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Butin M.,Service de Nephrologie | Mekki Y.,Laboratoire Of Virologie Est | Phan A.,Service de Nephrologie | Billaud G.,Laboratoire Of Virologie Est | And 4 more authors.
Pediatric Infectious Disease Journal | Year: 2013

We report a case of an immunocompetent child who developed parvovirus B19 infection complicated by autoinflammatory disease with myocarditis, tamponade and macrophage activation syndrome. He recovered with immunotherapy including prednisone, immunoglobulins, cyclosporin and anakinra (anti-interleukin-1). The report shows that parvovirus can provoke severe systemic inflammation with acute heart injury and that anti-interleukin-1 might be considered in such parvovirus-related inflammation. Copyright © 2013 Lippincott Williams & Wilkins.

Griffet V.,Service de cardiologie | Finet G.,Unite 70 | Di Filippo S.,Service de Cardiologie Pediatrique | Lantelme P.,Service de cardiologie | And 2 more authors.
Annales de Cardiologie et d'Angeiologie | Year: 2013

Purpose: Since 2009 in France, every people practicing sport in competition must have a cardiovascular exam with electrocardiogram, to prevent sudden cardiac death. Sometimes, an echocardiography will be necessary. Little is known about athlete's heart in the young, particularly in the French people. Patients and methods: One hundred and seven French elite adolescent athletes had an electrocardiogram with echocardiography to establish reference values in this population. Results: QTcorrected (QTc) interval calculated by the Hodges formula, is always in the normal values. Interventricular septal thickness is always. ≤. 11. mm and left ventricular end diastolic diameter. ≤. 55. mm in about 90 % of the athletes. Females have QTc interval longer than males and interventricular septal thickness finer. Diastolic function (18.9. ±. 2.6. cm/s for e', E/e' ratio at 5.3. ±. 0.8) is " supernormal" and correlate with age and cardiac frequency. Right ventricular systolic function is always good. Conclusion: Adolescent athlete's heart is normal. If QTc interval is not normal, be afraid of a QT long syndrome. Furthermore, when interventricular septal thickness is. >. 11. mm or left ventricular end diastolic diameter. >. 55. mm, myocardiopathy will have to be ruled out. © 2013 Elsevier Masson SAS.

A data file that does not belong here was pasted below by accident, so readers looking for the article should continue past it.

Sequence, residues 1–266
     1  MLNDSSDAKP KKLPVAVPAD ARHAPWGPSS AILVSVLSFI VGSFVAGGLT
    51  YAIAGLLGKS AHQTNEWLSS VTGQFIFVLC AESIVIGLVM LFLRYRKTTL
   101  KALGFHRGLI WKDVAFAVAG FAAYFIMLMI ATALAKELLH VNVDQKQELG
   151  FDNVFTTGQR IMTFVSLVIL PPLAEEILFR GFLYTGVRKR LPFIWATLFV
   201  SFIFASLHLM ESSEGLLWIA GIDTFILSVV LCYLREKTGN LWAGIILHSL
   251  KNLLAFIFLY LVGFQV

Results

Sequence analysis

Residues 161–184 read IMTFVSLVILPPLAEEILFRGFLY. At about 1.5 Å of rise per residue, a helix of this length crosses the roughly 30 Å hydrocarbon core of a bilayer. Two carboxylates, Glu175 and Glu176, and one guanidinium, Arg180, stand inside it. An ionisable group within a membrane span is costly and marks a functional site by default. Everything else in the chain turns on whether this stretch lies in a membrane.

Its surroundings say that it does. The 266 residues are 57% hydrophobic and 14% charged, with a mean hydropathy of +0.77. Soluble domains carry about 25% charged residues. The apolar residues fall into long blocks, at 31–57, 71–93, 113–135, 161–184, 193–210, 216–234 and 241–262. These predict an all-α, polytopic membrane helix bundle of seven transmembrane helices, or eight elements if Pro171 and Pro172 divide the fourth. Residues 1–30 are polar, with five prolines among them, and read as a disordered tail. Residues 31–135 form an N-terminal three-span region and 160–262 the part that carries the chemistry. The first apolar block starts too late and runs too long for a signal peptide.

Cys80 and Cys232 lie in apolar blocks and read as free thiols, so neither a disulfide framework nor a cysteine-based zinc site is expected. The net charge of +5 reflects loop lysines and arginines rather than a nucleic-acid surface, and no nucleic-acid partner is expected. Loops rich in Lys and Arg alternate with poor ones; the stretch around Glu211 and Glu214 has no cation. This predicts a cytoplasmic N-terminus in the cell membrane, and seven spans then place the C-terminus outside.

Mansi T.,French Institute for Research in Computer Science and Automation | Voigt I.,Siemens AG | Voigt I.,Friedrich - Alexander - University, Erlangen - Nuremberg | Leonardi B.,Ospedale Pediatrico Bambino Gesu | And 9 more authors.
IEEE Transactions on Medical Imaging | Year: 2011

Cardiac remodelling plays a crucial role in heart diseases. Analyzing how the heart grows and remodels over time can provide precious insights into pathological mechanisms, eventually resulting in quantitative metrics for disease evaluation and therapy planning. This study aims to quantify the regional impacts of valve regurgitation and heart growth upon the end-diastolic right ventricle (RV) in patients with tetralogy of Fallot, a severe congenital heart defect. The ultimate goal is to determine, among clinical variables, predictors for the RV shape from which a statistical model that predicts RV remodelling is built. Our approach relies on a forward model based on currents and a diffeomorphic surface registration algorithm to estimate an unbiased template. Local effects of RV regurgitation upon the RV shape were assessed with Principal Component Analysis (PCA) and cross-sectional multivariate design. A generative 3-D model of RV growth was then estimated using partial least squares (PLS) and canonical correlation analysis (CCA). Applied on a retrospective population of 49 patients, cross-effects between growth and pathology could be identified. Qualitatively, the statistical findings were found realistic by cardiologists. 10-fold cross-validation demonstrated a promising generalization and stability of the growth model. Compared to PCA regression, PLS was more compact, more precise and provided better predictions. © 2011 IEEE.